Connoisseurs of the Caribbean who crave an ever-more-exclusive getaway can call off the search. For the Caribbean as you've never seen it—no cars, no crowds—step ashore and join the very happy very few.
Peter Island Resort, British Virgin Islands It is a point of pride with me never to talk to strangers—not in line at the supermarket, not in elevators, and definitely not on vacation. But something about my day on Deadman's Beach had been so pleasant that I didn't pretend not to hear when the couple in the next palapa over called out, gesturing energetically. On this carefree Caribbean day, a soft breeze rustling the palm fronds, I was filled with goodwill.
Honeymooners from New Jersey in their late thirties, Chuck and Lorraine wasted no time in calling me by a diminutive no one has used since I was seven. Lorraine told me they had arrived on Peter Island two weeks earlier with the intention of staying five days. Before they knew it five days had grown to a week, a week to 10 days, and so on. Chuck, who is in the construction business and lives by his cell phone, even called his site supervisor and ordered him to take his number off speed dial. He would not be leaving Peter Island anytime soon. "It doesn't get any better than this, Chris," Chuck assured me, grabbing my shoulder for emphasis.
To quote Smokey Robinson, I second that emotion, for on almost every level Peter Island does not disappoint (no one expects great food in the Caribbean). If you have no experience of private-island resorts but always dreamed of going to one, it offers an excellent initiation, delivering in quantity everything the genre is known for, especially peace and privacy. Add to that a staff-to-guest ratio of two-to-one, atypical service for the region (it's friendly and professional), and five untrafficked beaches (Deadman's is a mile-long crescent of sugary sand).
A 30-minute boat ride from Tortola, Peter Island bristles with vegetation along most of its mountainous, 41/2-mile length. All the buildings are concentrated on 300 of the 1,200 acres, the balance being gloriously undeveloped. The size of the island feels just right: not too big, not too small.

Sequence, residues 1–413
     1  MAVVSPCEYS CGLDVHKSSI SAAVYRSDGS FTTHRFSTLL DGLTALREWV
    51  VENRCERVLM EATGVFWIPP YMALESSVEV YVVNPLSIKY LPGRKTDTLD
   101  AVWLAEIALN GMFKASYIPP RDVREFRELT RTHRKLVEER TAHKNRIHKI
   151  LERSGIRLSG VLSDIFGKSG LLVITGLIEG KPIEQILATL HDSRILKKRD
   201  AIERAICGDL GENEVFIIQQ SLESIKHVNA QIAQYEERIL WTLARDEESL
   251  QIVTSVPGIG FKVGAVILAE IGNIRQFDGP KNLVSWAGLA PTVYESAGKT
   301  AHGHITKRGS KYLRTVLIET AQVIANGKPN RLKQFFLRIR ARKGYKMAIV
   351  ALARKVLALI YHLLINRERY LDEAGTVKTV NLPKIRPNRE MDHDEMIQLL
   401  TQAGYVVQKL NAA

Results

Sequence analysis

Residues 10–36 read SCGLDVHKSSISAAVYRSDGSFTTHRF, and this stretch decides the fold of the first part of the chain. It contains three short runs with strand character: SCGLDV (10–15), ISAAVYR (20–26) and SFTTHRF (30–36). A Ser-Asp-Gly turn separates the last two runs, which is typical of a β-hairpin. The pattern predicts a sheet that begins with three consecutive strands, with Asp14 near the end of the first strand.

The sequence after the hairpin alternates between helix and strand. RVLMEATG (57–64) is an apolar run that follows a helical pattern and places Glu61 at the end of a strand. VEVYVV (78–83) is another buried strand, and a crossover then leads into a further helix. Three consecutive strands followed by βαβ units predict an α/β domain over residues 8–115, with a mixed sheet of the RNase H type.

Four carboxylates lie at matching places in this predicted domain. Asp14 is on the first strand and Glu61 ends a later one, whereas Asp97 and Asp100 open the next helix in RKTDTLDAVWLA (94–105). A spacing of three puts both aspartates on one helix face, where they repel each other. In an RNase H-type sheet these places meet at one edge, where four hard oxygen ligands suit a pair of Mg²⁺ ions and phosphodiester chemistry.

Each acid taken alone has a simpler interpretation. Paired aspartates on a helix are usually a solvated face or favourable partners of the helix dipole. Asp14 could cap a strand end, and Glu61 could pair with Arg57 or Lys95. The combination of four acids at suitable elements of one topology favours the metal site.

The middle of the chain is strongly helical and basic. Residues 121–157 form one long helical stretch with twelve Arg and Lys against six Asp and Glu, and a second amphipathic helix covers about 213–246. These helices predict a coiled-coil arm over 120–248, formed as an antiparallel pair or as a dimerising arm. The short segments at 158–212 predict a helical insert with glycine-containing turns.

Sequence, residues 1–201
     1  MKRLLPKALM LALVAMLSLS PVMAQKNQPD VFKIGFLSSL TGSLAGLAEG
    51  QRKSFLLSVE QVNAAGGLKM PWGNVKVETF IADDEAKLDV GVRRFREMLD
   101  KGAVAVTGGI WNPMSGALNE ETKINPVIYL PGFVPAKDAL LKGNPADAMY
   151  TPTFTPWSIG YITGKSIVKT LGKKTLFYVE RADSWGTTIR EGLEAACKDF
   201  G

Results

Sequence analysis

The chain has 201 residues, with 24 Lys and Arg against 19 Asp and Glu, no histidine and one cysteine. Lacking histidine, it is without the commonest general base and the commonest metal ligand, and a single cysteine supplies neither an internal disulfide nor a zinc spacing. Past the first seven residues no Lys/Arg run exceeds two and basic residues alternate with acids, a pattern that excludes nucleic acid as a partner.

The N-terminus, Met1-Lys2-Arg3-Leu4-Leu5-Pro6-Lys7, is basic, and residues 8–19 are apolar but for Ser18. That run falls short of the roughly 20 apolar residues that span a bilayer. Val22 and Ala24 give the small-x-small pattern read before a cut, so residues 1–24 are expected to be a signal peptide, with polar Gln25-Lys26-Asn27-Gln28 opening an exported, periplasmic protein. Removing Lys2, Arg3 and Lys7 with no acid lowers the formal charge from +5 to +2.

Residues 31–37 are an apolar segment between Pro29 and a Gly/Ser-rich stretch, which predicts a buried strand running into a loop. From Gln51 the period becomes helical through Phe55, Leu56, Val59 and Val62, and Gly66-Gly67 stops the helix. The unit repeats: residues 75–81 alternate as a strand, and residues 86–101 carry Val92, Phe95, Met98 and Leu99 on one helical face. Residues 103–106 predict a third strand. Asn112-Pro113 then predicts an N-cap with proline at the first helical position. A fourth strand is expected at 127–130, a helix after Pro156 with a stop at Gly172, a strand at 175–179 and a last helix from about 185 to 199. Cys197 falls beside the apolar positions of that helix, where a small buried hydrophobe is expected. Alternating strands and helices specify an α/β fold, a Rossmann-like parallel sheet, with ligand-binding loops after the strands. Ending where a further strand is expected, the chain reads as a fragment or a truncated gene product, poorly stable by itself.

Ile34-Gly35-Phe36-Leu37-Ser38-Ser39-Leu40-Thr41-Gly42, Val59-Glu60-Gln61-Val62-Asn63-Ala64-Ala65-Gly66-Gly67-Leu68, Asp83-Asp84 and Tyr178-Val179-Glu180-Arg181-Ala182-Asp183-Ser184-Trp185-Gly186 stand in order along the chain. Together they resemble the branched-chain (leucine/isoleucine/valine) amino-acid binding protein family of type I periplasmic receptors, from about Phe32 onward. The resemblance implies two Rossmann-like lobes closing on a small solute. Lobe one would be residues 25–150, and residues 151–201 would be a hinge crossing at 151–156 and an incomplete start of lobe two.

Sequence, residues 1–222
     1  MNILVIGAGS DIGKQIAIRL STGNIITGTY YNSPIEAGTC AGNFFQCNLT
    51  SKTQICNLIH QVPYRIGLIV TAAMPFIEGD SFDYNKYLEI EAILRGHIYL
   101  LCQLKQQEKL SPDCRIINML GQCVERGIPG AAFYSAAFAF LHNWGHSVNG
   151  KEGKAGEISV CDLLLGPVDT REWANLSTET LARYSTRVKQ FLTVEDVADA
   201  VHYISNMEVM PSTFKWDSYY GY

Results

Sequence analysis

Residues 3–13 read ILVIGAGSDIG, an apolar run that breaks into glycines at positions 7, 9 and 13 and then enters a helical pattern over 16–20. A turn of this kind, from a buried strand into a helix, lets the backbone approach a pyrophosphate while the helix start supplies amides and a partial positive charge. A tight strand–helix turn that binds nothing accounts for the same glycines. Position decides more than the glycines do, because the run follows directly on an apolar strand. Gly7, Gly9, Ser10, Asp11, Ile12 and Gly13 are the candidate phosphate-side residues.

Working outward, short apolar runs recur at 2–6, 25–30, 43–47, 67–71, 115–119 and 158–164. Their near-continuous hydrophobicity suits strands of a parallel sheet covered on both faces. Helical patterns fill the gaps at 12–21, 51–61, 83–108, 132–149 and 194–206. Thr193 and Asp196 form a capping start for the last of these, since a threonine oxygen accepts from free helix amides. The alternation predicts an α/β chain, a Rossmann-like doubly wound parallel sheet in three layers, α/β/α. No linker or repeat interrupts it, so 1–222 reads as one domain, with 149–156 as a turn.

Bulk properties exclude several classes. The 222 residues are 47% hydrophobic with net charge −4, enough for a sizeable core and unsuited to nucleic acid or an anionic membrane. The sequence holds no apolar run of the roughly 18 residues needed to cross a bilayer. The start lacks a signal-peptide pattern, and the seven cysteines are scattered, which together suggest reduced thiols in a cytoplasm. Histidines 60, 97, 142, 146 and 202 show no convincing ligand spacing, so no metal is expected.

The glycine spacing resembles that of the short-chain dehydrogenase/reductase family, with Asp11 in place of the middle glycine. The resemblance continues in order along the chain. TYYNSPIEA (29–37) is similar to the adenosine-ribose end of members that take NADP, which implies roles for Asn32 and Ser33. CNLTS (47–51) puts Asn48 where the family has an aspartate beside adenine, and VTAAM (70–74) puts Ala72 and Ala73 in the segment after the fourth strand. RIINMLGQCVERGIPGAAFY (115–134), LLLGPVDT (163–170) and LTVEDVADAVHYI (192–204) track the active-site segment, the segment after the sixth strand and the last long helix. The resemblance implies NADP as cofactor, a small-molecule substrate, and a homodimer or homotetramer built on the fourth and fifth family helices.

The resort was launched in 1969 with 32 guest rooms in eight prefabricated A-frames shipped over by the founder, an industrialist, from his native Norway. Lorraine said her heart sank when she thought they were going to put her and Chuck in one of the chalets ("in the Caribbean?!"), built away from the action on reclaimed land directly on the harbor.
The rooms you want are any of the 20 junior suites in two-story cottages on Deadman's Beach, added when Amway became Peter Island's unlikely proprietor in 1978. (It is now privately owned by the company's chairman.) Refurbishment of this part of the resort, completed last year, cost $3.2 million, or an impressive $160,000 per unit. While the style of the accommodations is pleasantly safe, bathrooms in cedar shakes and volcanic stone have a high wow factor, with Jacuzzis and showers for two. When the blind is up on the glass wall that separates the stall from the bedroom, you can lather up with a view of Drake's Channel.
Peter Island wears the expensive perfume of exclusivity. As a guest you feel special, privileged. As Chuck put it, "Hey, man, let them eat johnnycakes!"
800/346-4451; www.peterisland.com; doubles from $615, including meals.